I really think this is very beos-ish way - simple and robust, but still elegant and fast.

[feature request] JACK port

vootele wrote:
I think there's a lot better way of multitrack recording, like: (..)
I really think this is very beos-ish way - simple and robust, but still elegant and fast.

I can't find any (open source) multitack editor for Haiku/BeOS (except the old freeware Edison Cylinder which is no more developed/supported by its author) on the net, do you know any ?

Do you mean that adapting an existing app (Ardour, in this case) is more simple than porting JACK ?

[feature request] JACK port

I think we can do better than Ardour and GNOME, really.

Re: [feature request] JACK port

Well then, Ardour is not mutch multiplatform friendly.

What about Traverso ?

http://traverso-daw.org/

Marco Ravich
--
>>Forward Agency
In progress we (always) trust.

Re: [feature request] JACK port

.

Re: [feature request] JACK port

Probably, but until the better app finished, porting existing software is needed.

Re: [feature request] JACK port

I'm going to resurrect this thread.

What NoHaikuForMe said is dead on. If media_server can really do what Jack can do, then great. Otherwise, we need Jack in Haiku. BeOS was supposed to be ideal for media applications. Does media_kit have for example, MIDI routing? How about 192kHz sample rate? How about low latency?

@vootele,

Can this really be done? Are media_server's algorithms clean? How wide is the path? 64bit? What kind of latency can we expect?

What you describe is how I use Jack to DJ. There are many nice little useful apps written for Jack that would not need to be rewritten for media_server, if indeed it is better for this.

I understand about wanting to keep layers down. However, as NoHaikuForMe pointed out, the basic sound layer/driver subsystem is usually crap, which is why we have things like ASIO etc...

Re: [feature request] JACK port

I think you have it backwards... if media server cannot do what jack can do it should be improved so that it can. Using someone's else's API is always a bad idea as you no longer control the direction that API in your system will take in future revisions.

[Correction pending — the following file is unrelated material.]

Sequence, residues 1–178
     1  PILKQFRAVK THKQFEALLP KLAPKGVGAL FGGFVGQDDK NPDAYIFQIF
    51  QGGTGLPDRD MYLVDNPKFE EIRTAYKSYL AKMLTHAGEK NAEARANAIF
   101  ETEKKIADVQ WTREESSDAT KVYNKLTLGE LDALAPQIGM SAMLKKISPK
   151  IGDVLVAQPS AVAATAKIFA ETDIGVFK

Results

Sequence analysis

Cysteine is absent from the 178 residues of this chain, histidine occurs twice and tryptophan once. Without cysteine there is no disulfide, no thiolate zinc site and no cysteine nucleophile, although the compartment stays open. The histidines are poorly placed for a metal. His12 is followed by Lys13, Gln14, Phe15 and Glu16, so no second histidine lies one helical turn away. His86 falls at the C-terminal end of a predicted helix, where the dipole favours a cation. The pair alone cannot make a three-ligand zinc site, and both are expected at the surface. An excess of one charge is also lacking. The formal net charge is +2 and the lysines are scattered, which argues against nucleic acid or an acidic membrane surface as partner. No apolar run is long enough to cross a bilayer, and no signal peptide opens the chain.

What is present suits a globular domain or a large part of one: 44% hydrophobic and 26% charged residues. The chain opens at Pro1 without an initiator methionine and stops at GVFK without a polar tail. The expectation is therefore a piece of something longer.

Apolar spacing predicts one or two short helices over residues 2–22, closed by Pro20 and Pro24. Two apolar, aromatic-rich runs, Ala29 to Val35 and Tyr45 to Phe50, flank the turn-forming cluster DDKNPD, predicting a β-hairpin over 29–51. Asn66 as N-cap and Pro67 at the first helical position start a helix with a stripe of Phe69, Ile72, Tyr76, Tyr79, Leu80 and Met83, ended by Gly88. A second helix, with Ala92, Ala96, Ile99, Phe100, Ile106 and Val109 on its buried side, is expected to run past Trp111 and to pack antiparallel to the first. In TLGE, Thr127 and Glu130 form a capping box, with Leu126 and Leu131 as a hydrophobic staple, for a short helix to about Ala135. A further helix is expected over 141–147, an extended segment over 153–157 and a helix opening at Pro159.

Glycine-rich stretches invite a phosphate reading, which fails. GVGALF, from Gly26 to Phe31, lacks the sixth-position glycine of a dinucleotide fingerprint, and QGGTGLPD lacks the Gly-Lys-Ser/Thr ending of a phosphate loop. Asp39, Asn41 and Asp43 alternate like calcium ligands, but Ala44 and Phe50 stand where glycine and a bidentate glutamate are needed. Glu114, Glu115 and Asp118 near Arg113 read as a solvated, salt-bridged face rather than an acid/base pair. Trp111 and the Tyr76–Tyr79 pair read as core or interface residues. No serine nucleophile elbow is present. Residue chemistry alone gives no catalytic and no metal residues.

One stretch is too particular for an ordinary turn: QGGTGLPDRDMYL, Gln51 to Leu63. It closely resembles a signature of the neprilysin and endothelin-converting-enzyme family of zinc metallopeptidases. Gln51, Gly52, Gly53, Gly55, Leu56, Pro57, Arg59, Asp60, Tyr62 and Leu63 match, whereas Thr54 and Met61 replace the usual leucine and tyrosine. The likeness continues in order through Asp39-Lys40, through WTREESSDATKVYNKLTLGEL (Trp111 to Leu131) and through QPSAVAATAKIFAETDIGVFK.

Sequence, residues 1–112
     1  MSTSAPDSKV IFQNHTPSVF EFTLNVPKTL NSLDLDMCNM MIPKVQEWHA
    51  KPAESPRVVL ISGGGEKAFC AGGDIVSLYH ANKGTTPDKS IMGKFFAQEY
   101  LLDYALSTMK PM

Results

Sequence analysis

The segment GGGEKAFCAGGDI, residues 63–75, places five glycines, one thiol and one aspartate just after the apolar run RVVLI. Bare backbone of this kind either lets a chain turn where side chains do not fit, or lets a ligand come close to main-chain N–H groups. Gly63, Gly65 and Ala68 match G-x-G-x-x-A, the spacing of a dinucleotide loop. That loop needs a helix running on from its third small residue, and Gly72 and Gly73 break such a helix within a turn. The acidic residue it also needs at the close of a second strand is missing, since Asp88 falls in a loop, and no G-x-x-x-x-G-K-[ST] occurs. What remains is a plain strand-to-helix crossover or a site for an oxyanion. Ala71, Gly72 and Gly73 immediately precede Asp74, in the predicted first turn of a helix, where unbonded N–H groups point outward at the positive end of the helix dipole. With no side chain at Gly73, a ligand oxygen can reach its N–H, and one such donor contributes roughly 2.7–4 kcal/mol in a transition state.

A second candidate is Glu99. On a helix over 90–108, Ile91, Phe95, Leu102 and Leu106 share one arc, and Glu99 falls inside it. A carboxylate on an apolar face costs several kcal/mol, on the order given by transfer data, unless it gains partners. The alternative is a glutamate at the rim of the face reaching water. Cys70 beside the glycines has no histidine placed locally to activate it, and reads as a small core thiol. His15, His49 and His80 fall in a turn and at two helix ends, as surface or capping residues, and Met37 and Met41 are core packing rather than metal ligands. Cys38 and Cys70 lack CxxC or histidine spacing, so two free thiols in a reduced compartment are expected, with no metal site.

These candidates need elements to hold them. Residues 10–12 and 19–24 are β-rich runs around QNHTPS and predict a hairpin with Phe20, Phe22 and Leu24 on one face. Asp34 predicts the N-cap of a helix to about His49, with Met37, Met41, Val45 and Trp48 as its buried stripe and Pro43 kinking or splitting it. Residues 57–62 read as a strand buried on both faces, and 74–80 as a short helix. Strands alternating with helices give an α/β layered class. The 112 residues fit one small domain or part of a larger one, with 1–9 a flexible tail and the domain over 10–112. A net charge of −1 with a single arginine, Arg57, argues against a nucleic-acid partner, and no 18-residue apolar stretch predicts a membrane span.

If the basic sound layer is crap then clearly its better to improve it rather than port a an alien driver system that will cause problems of its own.

For instance the reason a Mesa/Gallium3d port is wanted is that Haiku/BeOS doesn't really support 3d at all... so there is nothing to build from however that is not the case with sound as there is already an API for that in existence that it at least seems people have liked.

BTW I doubt you will get a reply from anyone in this thread its is 3 years old after all and only NoHaikuForME and umcullough are active as far as I know.

Re: [feature request] JACK port

Thanks for chiming in cb88. I'm going to link this to a newer thread on this topic:
http://www.haiku-os.org/community/forum/professional_sound_api

PS
Are you suggesting we re-invent the wheel? Does the Haiku team have sound engineers? If not, I'd rather they not implement a half-baked solution and force us to code for it.
Anyone interested can see for themselves here why there are latency issues with Media-kit:

http://www.haiku-os.org/legacy-docs/bebook/TheMediaKit_Overview_Introduc...

Read the part about latency. It's obvious Media-kit is not up for the job at hand.